Over the years, AWE has built strong and enduring relationships with external institutions that allow collaboration between academia and industry. By leveraging such national expertise, AWE can develop better capabilities and methods to protect the UK.
One way of achieving this is through AWE’s Centres of Excellence across the UK, which aim to foster closer links with academia and push the boundaries of what is possible. Currently there are eight Centres, with one based out of the University of Manchester.
In 2019, materials scientists from AWE and the University’s Department of Mathematics came together to form The University of Manchester Materials Modelling Research Hub. Phil Monks, AWE Materials Scientist and secondee to the University, tells us more about the Centre’s work and importance of mathematics in national defence and security.
Complex mathematics may not be as obviously linked to national defence as science and engineering, but it plays a vital role in keeping the UK safe.
The Materials Modelling Centre specialises in modelling materials under different environments. Phil works with researchers to develop advanced mathematical and numerical methods that can determine how materials behave in often extreme conditions, which helps AWE support the safety, reliability and performance of nuclear warheads throughout their lifecycle.
He says, “Our work focusses on applying various mathematical methods to real-world industrial materials problems, and I’m a firm believer that developing these kinds of interactions is integral to our future success. We help solve AWE’s technical challenges while demonstrating the impact of the exciting research going on at Manchester – we get to work on a wide variety of interesting problems.”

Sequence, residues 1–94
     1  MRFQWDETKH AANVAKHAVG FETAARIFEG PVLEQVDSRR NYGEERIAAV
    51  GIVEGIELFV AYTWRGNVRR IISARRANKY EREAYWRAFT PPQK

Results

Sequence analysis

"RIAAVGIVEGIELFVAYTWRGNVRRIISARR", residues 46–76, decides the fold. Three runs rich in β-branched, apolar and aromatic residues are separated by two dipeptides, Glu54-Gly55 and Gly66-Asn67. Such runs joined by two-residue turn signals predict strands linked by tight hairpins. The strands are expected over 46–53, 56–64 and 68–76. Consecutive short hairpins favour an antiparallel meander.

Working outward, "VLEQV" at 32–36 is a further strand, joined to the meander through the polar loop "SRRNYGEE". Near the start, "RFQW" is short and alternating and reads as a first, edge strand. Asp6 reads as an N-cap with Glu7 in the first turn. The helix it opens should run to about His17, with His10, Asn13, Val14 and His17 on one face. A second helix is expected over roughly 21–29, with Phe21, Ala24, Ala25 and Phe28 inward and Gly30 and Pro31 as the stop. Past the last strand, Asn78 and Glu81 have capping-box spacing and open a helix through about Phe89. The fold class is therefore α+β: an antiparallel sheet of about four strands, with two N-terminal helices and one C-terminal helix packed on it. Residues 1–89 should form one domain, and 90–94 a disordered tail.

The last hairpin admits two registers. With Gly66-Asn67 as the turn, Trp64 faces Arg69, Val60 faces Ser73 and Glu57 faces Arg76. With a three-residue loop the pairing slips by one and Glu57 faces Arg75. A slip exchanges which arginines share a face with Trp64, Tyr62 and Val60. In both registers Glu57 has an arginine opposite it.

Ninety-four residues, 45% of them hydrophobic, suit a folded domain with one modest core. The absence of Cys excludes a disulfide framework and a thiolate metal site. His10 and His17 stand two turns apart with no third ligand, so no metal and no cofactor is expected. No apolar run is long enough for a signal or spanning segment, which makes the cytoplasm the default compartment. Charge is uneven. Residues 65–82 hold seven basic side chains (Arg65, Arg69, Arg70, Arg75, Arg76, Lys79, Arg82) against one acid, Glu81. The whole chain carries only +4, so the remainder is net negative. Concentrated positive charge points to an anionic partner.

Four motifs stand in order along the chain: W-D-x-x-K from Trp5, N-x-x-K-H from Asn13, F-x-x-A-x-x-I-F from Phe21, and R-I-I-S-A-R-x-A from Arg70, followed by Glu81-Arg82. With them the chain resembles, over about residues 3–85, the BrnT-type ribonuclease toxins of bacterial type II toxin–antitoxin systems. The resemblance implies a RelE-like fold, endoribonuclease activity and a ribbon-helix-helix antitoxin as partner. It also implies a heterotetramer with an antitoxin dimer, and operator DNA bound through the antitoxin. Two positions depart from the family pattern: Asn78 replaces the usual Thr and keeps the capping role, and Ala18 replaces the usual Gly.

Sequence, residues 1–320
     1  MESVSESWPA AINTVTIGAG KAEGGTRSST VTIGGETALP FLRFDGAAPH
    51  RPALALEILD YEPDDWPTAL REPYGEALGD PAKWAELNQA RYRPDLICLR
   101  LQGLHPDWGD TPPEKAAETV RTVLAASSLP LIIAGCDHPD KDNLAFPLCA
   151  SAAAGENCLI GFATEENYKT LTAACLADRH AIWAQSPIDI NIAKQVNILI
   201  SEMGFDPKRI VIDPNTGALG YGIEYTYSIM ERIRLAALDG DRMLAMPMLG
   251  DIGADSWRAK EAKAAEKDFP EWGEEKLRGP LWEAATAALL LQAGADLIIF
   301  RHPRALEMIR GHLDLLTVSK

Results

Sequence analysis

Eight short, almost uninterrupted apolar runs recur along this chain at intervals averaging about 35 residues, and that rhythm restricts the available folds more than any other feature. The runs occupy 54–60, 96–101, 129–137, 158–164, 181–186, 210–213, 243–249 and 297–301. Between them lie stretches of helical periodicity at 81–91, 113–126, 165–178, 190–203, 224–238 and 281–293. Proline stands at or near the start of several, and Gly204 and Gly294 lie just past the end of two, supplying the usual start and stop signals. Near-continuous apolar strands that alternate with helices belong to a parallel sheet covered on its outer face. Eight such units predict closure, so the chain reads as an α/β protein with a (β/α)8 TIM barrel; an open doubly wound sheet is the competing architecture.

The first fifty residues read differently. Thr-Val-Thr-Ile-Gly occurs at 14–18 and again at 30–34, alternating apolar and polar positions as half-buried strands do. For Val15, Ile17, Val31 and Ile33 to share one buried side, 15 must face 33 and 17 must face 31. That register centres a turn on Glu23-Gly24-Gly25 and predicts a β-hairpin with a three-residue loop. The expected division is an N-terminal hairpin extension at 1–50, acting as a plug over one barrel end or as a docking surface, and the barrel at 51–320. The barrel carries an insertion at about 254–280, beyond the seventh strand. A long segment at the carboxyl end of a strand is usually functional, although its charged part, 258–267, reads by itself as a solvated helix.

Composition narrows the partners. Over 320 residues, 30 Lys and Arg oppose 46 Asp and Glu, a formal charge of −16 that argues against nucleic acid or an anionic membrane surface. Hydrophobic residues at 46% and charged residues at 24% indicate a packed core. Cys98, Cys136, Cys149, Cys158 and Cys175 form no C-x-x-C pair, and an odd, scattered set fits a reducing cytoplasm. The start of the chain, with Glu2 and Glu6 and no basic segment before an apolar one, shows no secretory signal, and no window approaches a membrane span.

Supporting the future of STEM
The work being done by Phil and others at the Materials Modelling Research Hub also supports the development of the next generation of scientists.
“It’s great to work with students and give them a taste of what it’s like to work in an industrial research environment. Hopefully they feel stimulated by the work they do with us, and the skills they develop serve them well throughout their careers. Who knows, maybe they’ll come and work with AWE as full-time employees somewhere down the line – and go on to inspire another generation of scientists to do great things”, reflects Phil.
Building long-lasting relationships
Building these connections takes time as the two institutions work together to achieve mutual goals. Phil reflects on the welcoming environment fostered by the University of Manchester only further enabling effective and meaningful collaboration:
“A key focus of my role is communication between AWE and Manchester, helping to break down those language barriers that sometimes crop up between different disciplines, and it’s been incredibly valuable to have those conversations with different people and groups. It’s the back-and-forth, the interplay between the materials and the maths communities, that leads to a real wealth of exciting ideas and I’m really looking forward to building on that in the future.”
“The people at Manchester have been wonderful in supporting me during my time here, helping me to meet new people, learn new techniques, and get to grips with research areas entirely new to me.”